Perfume: The Story of a Murderer

by Patrick Suskind

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Student Question

How do symbols and metaphors in Perfume: The Story of a Murderer affect understanding of the novel's message?

Quick answer:

Scott V. Savage, "Symbols and Themes in Perfume: The Story of a Murderer;" SparkNotes LLC, www.sparknotes.com/lit/perfume2/themes.

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The central message of Suskind's novel is undoubtedly meant to evoke horror—specifically, that sinister and psychopathic murderers often blend into society, while still exhibiting concerning traits and patterns of behavior. Grenouille's obsession with scent leads to his first murder, and through this act and his subsequent killings, he demonstrates no remorse. Grenouille is emotionally stunted, which can be traced back to the neglect and lack of love he experienced beginning in infancy, his mother having abandoned him at birth.

Another salient theme is the power of perfume and scent to influence emotions. This is exhibited by Baldini's search for the perfect scent, particularly one associated with romance and sensuality. Grenouille is able to escape persecution when the perfume he creates from the women he murders manipulates the public into believing he is innocent. Grenouille's downfall eventually occurs upon releasing a copious amount of this scent in public, causing him to be killed by a mob.

In the novel, perfume symbolizes Grenouille's obsession with the perfect scent and the psychological power of hormones associated with scent. Additionally, perfume is a metaphor for the sins of humanity; perfume allows people to smell good, which masks humankind's evil nature, which is represented metaphorically through the odor of unclean, sweaty skin. Grenouille is repulsed by this unpleasant odor, seeking a cave in order to escape the smell. The cave thus symbolizes his escape from society and safe haven from its unpleasant scent. Grenouille exclusively targets virgin women, symbolizing purity, which translates to the pure and perfect scent he seeks.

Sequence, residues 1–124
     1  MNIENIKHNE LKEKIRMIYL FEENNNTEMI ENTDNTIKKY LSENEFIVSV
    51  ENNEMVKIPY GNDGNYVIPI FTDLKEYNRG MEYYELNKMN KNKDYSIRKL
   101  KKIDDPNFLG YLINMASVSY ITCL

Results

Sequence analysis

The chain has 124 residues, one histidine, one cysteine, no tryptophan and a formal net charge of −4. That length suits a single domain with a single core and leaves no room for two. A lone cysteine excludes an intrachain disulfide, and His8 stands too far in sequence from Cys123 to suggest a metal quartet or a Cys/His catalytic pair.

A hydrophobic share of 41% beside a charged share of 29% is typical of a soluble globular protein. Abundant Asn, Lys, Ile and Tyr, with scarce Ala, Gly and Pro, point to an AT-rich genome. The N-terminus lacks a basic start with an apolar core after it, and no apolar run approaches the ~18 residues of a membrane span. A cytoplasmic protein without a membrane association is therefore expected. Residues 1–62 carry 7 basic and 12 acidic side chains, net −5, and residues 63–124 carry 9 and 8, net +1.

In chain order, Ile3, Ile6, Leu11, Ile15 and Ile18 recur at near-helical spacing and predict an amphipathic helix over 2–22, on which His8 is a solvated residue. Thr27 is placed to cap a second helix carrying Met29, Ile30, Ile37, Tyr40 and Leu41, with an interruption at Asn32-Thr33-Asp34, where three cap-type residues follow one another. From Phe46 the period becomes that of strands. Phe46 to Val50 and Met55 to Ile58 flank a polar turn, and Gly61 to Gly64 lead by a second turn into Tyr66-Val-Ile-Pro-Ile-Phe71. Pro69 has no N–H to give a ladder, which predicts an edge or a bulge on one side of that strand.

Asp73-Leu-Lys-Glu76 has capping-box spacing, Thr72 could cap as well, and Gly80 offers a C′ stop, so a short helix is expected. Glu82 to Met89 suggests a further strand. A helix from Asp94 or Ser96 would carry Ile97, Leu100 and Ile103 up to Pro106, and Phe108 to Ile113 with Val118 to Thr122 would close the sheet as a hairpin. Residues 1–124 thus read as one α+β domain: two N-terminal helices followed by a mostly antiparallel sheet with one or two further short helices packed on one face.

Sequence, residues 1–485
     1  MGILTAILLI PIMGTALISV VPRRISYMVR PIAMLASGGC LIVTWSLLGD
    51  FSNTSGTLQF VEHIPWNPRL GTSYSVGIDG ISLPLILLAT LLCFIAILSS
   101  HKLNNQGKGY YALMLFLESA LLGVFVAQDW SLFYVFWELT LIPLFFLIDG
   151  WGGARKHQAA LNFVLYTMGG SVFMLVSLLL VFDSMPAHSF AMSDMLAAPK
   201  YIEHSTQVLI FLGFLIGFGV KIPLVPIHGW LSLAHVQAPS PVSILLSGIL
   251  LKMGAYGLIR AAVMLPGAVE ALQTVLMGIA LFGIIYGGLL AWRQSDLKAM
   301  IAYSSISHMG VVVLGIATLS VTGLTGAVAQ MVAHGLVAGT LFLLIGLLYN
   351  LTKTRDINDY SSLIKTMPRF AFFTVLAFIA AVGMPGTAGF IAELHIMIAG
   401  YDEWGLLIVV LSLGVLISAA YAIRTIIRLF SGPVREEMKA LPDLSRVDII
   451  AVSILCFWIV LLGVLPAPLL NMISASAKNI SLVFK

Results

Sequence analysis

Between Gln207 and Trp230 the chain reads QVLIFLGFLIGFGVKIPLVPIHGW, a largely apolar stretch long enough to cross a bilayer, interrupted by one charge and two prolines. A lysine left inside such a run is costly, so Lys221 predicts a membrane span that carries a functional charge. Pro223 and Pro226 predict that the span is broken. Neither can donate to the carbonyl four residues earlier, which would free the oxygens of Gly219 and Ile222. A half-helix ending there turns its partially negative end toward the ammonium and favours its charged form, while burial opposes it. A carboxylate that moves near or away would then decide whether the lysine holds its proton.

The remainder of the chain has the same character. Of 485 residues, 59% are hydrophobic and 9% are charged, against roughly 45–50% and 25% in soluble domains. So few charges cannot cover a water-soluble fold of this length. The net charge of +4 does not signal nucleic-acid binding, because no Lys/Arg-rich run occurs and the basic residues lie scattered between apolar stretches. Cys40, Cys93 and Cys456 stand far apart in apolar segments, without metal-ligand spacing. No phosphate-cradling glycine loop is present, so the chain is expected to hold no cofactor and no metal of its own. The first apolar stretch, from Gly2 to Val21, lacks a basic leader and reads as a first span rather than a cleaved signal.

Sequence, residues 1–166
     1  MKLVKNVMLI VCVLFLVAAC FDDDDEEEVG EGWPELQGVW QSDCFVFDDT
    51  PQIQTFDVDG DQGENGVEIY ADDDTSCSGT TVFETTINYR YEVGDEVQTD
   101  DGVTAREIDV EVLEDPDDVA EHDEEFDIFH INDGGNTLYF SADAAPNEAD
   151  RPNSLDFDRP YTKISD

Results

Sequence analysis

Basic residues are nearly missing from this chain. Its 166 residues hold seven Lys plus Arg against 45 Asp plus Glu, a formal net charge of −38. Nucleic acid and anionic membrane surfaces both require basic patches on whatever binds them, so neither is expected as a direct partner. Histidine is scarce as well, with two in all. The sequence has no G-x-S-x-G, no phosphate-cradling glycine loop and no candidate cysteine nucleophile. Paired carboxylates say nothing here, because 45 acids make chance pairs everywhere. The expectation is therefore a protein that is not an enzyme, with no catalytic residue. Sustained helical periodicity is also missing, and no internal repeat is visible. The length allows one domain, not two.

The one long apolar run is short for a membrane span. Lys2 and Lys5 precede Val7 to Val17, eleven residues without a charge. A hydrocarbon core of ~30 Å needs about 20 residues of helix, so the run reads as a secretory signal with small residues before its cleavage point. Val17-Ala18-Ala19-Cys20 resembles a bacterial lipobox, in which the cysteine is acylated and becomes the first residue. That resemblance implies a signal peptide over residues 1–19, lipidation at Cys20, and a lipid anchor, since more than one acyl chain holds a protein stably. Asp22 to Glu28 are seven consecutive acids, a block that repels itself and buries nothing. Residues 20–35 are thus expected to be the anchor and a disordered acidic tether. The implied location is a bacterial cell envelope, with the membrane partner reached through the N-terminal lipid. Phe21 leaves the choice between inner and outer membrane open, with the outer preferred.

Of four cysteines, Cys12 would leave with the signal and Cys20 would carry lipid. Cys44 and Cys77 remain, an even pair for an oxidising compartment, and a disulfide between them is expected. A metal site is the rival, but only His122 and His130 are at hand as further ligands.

Characters themselves can also function as symbols. Grenouille, as a murderer, symbolizes death and psychopathy. Baldini, as his mentor, represents his introduction to the intoxicating realm of perfume. Similarly, settings can also act as symbols. The fish market where Grenouille was born represents the sins of humanity, which is reflected in the location's unpleasant odour and his mother's abandonment. Grasse, the setting in which flowers are grown to make most of the perfume produced in France, is like heaven for Grenouille and associated with his obsession with scent.

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